How can I leave my affairs in order so that my beneficiaries don’t have to open up a probate case?
Leaving your assets in one of several ways can help your loved ones avoid opening a probate case and ultimately saving thousands of dollars.
Some of the methods don’t cost you a penny so pay close attention and make sure to take advantage of as many of these options as you can!
Life Insurance Policy, Annuity, IRA, 401K: All of these types of policies allow you to bypass opening a probate case to distribute the funds to your beneficiaries as long as you have a properly designated beneficiary. If you have not properly designated a beneficiary, or your designated beneficiary predeceases you and you have not named a contingent beneficiary, the funds can only be paid to your estate and your beneficiaries will need to open a probate case to collect and distribute the monies.
Bank Accounts: As long as you have listed a Payable on Death (POD) Beneficiary or name a joint account holder (not just a mere signer, but a true joint account holder), your account can be paid after you pass to your named beneficiary by simply having the beneficiary provide an original copy of the death certificate to the bank. Again, if your POD predeceases you and you have not named a contingent beneficiary, no banking institution will release the funds to your beneficiaries. Instead, an estate must be opened and the funds will be made payable to the estate.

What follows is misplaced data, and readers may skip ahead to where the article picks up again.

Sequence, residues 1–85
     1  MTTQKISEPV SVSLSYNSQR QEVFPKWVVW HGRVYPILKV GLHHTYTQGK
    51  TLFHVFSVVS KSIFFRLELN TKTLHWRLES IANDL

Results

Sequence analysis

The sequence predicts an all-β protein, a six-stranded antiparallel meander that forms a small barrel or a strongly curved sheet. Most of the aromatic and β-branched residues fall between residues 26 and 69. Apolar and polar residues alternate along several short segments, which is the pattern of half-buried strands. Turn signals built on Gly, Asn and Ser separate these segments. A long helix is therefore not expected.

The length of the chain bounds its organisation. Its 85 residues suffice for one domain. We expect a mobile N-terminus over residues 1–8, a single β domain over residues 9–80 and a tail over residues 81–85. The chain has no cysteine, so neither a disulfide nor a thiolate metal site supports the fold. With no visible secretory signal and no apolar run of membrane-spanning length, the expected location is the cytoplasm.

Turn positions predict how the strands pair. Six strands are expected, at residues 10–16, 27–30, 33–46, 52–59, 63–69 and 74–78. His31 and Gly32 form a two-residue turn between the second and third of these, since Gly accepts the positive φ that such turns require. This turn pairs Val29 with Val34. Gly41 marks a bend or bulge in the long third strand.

Real or Personal Property: How you hold title to real and/or personal property has a significant impact on how it is held after one or more of the owners pass. In order for the property to descend to the other owner(s) without the necessity of probating the property, it must be held as joint tenants with rights of survivorship. Don’t know if this is how your property is titled? Give us a call to schedule a consultation and we can go over the title(s) to your property(ies).
Assets placed into a properly funded trust: During your lifetime, you have the option of creating a trust. A trust is a fiduciary arrangement that allows a third party, or trustee, to hold assets on behalf of a beneficiary or beneficiaries. During your lifetime, you can maintain control over the assets you place in a trust using a Revocable Trust. In the alternative, an irrevocable trust takes control away from you as the Settlor of the trust but offers some tax benefits. The great thing about trusts is that they can be arranged in many ways and can specify exactly how and when the assets pass to the beneficiaries. For those of you desiring your beneficiaries avoid probate and looking for more control over how your assets are used after you pass, a trust is definitely the vessel you want to use.
To schedule an Estate Planning Consultation, just give us a call at (786) 671-7829; or send an email to: email@example.com.